Reply To: HISTORY OF THE NETBALL WORLD CUP2020-04-01T23:31:43+10:00


Ian Harkin
    Post count: 17353

    Amid The Passion, We Show The World
    Heather Smith – Sydney Morning Herald

    Netball came of age on Saturday night as seven young Australians provided an epic ending to one of the greatest sporting spectacles Sydney has been privileged to witness. Any lingering doubts about netball’s ability to rouse spectator passions were obliterated in the deafening roar produced by 10,500 people packed into the Sydney Entertainment Centre. They were responding to Australia’s snatching of a heart-stopping one-goal victory over defending champions New Zealand in the final of the world championships.

    The world netball fraternity had waited impatiently for this clash, and all expectations were exceeded. Prime Minister Bob Hawke, a self-proclaimed connoisseur of sport, declared the final the most exciting sporting contest he’d seen. His colleague, Ros Kelly, the Federal Minister for Sport, Racing and Recreation, said the event surpassed the Rugby League Grand Final victory of her beloved Canberra Raiders in 1989. But the occasion needed no reassuring words from special guests and VIPs. It was a match which stood on its own, boasting two brilliant teams, a long tradition of sporting rivalry and the ultimate – the world crown – as the prize.

    A film director could not have scripted it better. The pace was furious from the first whistle, the skill and ball control were exceptional, and to add extra spice, the difference between the sides was so slight that neither was able to draw more than four goals ahead for the entire hour of play. The drama of the occasion was amplified as the cheers from a vocal crowd -half of them New Zealanders – reached a crescendo in the final few minutes. It was ironic that the rock-steady New Zealand players, who had led -albeit narrowly – for most of the match, succumbed to the pressure induced by the electric atmosphere and the Australians’ desperation.

    The last 60 seconds of the game passed too slowly for the coaches and players biting their nails on the bench. Goal attack Catriona Wagg scored with less than a minute remaining to put the Australians ahead 53-51, but New Zealand stayed in touch with a goal from shooter Tracy Eyrl-Shortland. The Australians’ hearts were in their mouths as a few seconds later, Kiwi captain Waimarama Taumaunu came up with the ball and sent it flying towards the goal circle. But Victorian Roselee Jencke, who replaced starting goal keeper Keeley Devery, came to Australia’s rescue to make the most important intercept of her life.

    Jencke passed the ball to a teammate, and the relieved home side threw it around until the umpire’s whistle signalled full-time and a 53-52 victory for the joyous Australians. Tears mixed with laughter and screams of jubilation filled the Entertainment Centre as the sell-out crowd gave the new world champions a standing ovation. Australian captain Michelle Fielke said later the team lifted for a final effort in the dying minutes.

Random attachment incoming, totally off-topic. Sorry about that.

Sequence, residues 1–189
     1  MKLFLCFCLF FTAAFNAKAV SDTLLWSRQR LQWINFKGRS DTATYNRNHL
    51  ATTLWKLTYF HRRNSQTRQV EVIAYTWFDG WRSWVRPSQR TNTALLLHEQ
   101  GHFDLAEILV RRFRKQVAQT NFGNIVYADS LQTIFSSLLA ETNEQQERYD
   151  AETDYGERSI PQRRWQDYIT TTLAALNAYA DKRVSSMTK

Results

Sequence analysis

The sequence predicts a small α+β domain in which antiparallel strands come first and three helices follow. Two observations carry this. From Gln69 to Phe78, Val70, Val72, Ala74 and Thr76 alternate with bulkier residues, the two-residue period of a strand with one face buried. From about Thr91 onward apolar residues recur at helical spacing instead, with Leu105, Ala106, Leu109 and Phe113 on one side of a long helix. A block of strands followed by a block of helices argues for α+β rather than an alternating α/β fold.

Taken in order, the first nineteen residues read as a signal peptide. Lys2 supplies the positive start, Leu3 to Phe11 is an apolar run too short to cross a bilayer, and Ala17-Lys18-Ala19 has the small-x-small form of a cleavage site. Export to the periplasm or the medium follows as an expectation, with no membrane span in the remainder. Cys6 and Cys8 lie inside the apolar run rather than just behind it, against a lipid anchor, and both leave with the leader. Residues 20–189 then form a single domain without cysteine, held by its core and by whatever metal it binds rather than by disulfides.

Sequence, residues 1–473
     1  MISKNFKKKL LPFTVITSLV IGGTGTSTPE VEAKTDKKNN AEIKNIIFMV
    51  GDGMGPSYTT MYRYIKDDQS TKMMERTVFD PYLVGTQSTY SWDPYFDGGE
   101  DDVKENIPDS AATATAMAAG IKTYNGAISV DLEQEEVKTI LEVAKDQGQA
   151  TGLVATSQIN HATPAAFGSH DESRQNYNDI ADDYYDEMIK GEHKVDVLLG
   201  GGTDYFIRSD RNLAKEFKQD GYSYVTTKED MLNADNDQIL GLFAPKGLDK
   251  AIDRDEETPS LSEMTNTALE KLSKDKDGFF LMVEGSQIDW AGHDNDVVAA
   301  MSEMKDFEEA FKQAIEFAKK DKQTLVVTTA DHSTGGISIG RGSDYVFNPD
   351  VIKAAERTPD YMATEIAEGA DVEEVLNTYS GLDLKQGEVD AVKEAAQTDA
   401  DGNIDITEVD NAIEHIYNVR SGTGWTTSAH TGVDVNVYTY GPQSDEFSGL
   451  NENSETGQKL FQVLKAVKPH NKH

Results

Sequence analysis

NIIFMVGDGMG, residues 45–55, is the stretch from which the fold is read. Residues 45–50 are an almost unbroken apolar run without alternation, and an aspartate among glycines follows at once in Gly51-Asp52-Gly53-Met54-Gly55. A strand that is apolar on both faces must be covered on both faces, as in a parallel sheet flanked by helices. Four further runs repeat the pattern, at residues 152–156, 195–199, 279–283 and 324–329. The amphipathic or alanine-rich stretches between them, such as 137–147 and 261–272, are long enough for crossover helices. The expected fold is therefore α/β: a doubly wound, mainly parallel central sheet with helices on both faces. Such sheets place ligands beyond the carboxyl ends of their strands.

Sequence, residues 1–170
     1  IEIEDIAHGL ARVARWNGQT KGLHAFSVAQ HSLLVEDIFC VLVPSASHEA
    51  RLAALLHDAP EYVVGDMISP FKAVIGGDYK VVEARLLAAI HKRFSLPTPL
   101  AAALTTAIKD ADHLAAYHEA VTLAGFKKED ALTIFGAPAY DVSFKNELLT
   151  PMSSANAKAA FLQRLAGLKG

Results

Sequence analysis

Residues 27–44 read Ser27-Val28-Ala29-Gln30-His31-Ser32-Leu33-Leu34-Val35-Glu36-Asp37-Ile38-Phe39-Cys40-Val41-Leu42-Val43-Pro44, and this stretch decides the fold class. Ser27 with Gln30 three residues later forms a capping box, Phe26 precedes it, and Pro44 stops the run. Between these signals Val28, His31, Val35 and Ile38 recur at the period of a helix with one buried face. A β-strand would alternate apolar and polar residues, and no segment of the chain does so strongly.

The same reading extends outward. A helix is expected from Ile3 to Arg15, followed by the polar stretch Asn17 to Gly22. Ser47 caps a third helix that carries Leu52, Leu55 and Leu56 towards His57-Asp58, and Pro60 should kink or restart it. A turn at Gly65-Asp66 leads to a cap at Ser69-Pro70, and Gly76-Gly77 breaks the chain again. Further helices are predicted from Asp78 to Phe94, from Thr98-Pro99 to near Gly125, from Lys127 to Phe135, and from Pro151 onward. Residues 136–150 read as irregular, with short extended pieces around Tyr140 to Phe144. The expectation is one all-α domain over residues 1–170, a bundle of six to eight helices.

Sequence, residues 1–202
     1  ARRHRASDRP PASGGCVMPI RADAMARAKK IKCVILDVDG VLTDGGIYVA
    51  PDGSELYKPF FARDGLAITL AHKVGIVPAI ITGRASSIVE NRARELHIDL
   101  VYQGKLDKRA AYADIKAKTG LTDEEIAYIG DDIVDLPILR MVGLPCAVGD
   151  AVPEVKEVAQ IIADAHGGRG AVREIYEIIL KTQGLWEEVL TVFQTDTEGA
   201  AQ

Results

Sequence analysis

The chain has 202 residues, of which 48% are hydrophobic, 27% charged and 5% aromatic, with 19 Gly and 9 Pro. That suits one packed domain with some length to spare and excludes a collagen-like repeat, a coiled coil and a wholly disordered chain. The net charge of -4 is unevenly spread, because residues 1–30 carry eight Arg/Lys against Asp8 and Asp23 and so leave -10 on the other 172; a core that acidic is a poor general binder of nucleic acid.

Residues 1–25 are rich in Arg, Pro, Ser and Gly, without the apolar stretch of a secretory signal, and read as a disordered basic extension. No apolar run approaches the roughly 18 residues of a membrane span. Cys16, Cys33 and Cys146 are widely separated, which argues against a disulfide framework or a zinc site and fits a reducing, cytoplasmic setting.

“We’ve never had a closer match,” she said. “The atmosphere was fantastic -it had a lot to do with us winning. There were lots of Kiwi supporters out there, but in the final five minutes the Australian supporters took over. The girls wanted it so badly, and they had the guts and the confidence to get through it. The game swayed back and forward and it came down to the last five minutes, and who wanted to win more. This makes up for 1987.”

    Australian coach Joyce Brown lingered in the background, unwilling to claim any of her players’ glory. Throughout the tournament Brown said that Australia, although seeded second behind New Zealand, were the best team and would win their sixth world crown. Her belief in her players was vindicated as they stayed cool under tremendous pressure in the crucial stage of the match. “This is a reward for the absolute dedication to the tasks I had set them since last October,” she said.

    The only cloud in the Australian camp was the ankle injury which prevented the vice-captain and wing attack Sue Kenny taking the court. Kenny fell during the semi-final against Jamaica and scraped a piece of bone off her ankle. She also has some strained ligaments, and will see a specialist.

    For the New Zealanders, it was the end of an era, with both Taumaunu and veteran Sandra Edge announcing their retirements amid the disappointment of losing their coveted world title. Coach Lyn Parker said that “a little bit of experience, a little bit of knowing how to win the game at the end” cost the Kiwis dearly.

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